A phoneme is a speech sound. It is the smallest unit of language and has no inherent meaning. The word "sun" has three phonemes: /s/ /u/ /n/.
- Although there are 26 letters in the English language, there are approximately 40 phonemes, or sound units, in the English language. (NOTE: the number of phonemes varies across sources.)
- Sounds are represented in 250 different spellings. For example, the phoneme, or sound, /f/ can be spelled in several ways: ph, f, gh, ff.
- The sound units (phonemes) are not inherently obvious and must be taught. The sounds that make up words are "coarticulated;" that is, they are not distinctly separate from each other.
Phonemic Awareness (PA) is:
- the ability to hear and manipulate the sounds in spoken words and the understanding that spoken words and syllables are made up of sequences of speech sounds (Yopp, 1992; see References).
- essential to learning to read in an alphabetic writing system, because letters represent sounds or phonemes. Without phonemic awareness, phonics makes little sense.
- fundamental to mapping speech to print. If a child cannot hear that "man" and "moon" begin with the same sound or cannot blend the sounds /rrrrrruuuuuunnnnn/ into the word "run", he or she may have great difficulty connecting sounds with their written symbols or blending sounds to make a word.
- essential to learning to read in an alphabetic writing system.
- a strong predictor of children who experience early reading success.
Phonemic Awareness Development Continuum
Examples of Phonemic Awareness Skills
- Sound and Word discrimination: What word doesn't belong with the others: "cat", "mat", "bat", "ran"? "ran"
- Rhyming: What word rhymes with "cat"? bat
- Syllable splitting: The onset of "cat" is /k/, the rime is /at/
- Blending: What word is made up of the sounds /k/ /a/ /t/? "cat"
- Phonemic segmentation: What are the sounds in "cat"? /k/ /a/ /t/
- Phoneme deletion: What is "cat" without the /k/? "at"
- Phoneme manipulation: What word would you have if you changed the /t/ in cat to an /n/? "can"
Teaching Tips: Blending
- When children are first learning to blend, use examples with continuous sounds, because the sounds can be stretched and held.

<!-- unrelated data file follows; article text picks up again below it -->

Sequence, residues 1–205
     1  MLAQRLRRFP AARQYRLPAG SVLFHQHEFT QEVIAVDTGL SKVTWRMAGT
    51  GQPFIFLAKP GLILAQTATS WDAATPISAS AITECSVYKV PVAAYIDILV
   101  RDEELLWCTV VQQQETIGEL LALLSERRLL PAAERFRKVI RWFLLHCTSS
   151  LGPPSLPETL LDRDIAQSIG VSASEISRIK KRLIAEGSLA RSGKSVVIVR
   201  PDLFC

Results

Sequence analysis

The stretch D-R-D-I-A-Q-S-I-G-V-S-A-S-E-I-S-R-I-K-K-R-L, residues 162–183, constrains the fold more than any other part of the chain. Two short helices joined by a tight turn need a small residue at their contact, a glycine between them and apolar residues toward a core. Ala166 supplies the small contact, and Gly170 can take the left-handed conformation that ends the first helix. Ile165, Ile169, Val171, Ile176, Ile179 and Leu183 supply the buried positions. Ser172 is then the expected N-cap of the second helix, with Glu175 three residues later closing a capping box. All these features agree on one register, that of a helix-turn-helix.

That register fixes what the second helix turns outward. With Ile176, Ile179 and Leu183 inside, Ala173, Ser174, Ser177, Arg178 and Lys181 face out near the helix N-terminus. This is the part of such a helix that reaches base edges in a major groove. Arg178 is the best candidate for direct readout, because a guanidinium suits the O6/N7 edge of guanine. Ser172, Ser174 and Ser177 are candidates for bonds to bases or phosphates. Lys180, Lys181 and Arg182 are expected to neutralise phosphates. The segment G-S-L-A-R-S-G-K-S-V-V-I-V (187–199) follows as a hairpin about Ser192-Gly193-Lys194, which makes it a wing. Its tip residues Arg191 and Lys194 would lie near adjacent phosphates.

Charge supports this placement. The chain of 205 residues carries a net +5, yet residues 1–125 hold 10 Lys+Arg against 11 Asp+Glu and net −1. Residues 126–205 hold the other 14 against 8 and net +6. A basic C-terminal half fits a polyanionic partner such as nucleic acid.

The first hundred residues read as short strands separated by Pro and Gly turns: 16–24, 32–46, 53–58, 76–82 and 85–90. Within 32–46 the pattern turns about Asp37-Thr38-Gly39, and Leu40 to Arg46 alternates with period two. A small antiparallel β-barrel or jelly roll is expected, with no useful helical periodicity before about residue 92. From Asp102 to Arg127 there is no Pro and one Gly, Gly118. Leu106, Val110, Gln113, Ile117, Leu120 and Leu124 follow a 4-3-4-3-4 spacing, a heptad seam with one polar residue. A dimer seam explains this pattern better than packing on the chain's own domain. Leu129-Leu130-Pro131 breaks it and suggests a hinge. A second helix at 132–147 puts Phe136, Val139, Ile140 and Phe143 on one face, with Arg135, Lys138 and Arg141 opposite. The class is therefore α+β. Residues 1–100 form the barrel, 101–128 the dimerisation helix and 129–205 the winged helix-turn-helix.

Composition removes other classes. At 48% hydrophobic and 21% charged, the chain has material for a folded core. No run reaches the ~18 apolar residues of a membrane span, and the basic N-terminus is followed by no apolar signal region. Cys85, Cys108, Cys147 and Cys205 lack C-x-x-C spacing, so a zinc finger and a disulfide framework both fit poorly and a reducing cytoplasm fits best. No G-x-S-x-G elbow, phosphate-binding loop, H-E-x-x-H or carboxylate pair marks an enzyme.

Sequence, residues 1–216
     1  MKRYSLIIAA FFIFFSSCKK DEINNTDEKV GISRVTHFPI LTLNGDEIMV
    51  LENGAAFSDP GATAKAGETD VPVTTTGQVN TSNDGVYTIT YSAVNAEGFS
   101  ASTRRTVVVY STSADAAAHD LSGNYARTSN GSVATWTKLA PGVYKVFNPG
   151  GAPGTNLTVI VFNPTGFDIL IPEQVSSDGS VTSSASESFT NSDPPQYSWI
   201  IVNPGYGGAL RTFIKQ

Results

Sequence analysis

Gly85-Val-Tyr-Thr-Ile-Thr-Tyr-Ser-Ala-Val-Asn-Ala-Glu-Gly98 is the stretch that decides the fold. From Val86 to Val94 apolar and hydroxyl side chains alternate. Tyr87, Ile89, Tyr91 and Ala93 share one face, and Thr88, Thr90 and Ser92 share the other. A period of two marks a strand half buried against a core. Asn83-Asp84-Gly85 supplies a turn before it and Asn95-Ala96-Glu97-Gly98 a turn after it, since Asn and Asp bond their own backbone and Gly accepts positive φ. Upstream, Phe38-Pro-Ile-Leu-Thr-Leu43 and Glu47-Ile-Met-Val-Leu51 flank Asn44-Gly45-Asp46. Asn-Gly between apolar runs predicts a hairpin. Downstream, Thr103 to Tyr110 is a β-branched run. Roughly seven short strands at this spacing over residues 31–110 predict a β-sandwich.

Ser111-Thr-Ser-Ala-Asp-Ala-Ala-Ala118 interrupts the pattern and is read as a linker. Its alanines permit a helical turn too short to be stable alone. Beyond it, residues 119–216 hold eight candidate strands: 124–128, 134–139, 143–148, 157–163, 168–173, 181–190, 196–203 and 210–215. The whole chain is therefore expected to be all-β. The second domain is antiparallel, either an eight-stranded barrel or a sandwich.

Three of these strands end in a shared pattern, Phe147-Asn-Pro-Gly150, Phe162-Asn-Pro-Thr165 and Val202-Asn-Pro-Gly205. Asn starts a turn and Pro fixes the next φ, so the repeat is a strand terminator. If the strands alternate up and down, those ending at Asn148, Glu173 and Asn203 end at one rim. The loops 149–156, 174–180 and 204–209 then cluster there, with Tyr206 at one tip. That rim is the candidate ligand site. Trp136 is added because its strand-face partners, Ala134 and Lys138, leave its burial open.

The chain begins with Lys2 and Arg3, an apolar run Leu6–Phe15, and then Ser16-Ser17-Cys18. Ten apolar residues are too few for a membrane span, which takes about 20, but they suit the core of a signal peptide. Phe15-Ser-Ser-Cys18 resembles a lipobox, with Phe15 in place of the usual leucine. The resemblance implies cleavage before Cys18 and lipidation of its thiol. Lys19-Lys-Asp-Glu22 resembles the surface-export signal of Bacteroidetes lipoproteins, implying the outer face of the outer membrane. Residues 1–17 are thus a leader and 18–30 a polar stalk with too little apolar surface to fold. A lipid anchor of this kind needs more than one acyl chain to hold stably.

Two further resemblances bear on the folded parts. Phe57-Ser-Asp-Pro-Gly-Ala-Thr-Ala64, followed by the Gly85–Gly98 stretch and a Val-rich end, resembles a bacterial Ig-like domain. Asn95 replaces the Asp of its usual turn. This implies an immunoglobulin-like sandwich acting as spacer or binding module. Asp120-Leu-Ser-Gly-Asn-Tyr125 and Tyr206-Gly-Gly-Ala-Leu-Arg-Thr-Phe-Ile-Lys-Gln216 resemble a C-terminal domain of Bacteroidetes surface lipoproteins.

Example: "Listen, my lion puppet likes to talk in a broken way. When he says /mmm/ - /ooo/ - /mmm/ he means mom."
Non-example: "Listen, my lion puppet likes to talk in a broken way. When he says /b/ - /e/ - /d/ he means bed."
- When children are first learning the task, use short words in teaching and practice examples. Use pictures when possible.
Example: Put down 3 pictures of CVC words and say: "My lion puppet wants one of these pictures. Listen to hear which picture he wants, /sss/ - /uuu/ - /nnn/. Which picture?"
Non-example: ".../p/ - /e/ - /n/ - /c/ - /i/ - /l/. Which picture?" (This is a more advanced model that should be used later.)
- When children are first learning the task, use materials that reduce memory load and to represent sounds.
Example: Use pictures to help children remember the words and to focus their attention. Use a 3-square strip or blocks to represent sounds in a word.
Non-example: Provide only verbal activities.
- As children become successful during initial learning, remove scaffolds by using progressively more difficult examples. As children become successful with more difficult examples, use fewer scaffolds, such as pictures.
Example: Move from syllable or onset-rime blending to blending with all sounds in a word (phoneme blending). Remove scaffolds, such as pictures.
"Listen, /s/ - /t/ - /o/ - /p/. Which picture?"
"Listen, /s/ - /t/ - /o/ - /p/. What word?"
Non-example: Provide instruction and practice at only the easiest levels with all the scaffolds.
- Phonemic awareness should be assessed from the beginning of kindergarten through the spring of first grade.
- All students should be assessed a minimum of three times per year to be sure adequate progress toward end of year goals is made.
- Students who are identified as at risk of reading difficulty should be monitored 1 or 2 times per month to ensure effectiveness of intervention and to allow timely instructional changes.
Four of the DIBELS measures can be used to assess phonemic awareness skills: